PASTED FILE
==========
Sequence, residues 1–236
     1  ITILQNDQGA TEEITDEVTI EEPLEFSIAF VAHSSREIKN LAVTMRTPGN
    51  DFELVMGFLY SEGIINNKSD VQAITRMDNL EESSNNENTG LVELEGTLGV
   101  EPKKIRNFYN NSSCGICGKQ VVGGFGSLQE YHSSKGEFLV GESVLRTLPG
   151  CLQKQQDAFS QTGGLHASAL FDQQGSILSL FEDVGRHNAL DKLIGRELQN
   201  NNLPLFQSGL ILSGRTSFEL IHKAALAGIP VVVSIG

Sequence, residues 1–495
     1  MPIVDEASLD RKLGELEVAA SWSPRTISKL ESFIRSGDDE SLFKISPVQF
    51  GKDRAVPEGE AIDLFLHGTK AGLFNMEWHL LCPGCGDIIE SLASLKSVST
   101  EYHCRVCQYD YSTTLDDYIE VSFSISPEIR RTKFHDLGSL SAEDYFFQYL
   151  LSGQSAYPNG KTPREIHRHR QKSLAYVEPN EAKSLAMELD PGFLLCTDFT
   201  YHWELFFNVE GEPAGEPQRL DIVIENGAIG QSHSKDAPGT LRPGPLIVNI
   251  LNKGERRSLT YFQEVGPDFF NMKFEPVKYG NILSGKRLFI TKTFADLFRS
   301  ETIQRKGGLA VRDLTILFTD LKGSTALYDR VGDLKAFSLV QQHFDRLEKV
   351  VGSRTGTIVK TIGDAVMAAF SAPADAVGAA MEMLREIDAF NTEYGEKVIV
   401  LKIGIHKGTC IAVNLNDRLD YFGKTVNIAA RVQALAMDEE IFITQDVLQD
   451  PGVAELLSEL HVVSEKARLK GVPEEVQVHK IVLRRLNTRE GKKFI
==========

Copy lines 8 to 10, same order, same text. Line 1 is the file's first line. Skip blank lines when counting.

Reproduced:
     1  MPIVDEASLD RKLGELEVAA SWSPRTISKL ESFIRSGDDE SLFKISPVQF
    51  GKDRAVPEGE AIDLFLHGTK AGLFNMEWHL LCPGCGDIIE SLASLKSVST
   101  EYHCRVCQYD YSTTLDDYIE VSFSISPEIR RTKFHDLGSL SAEDYFFQYL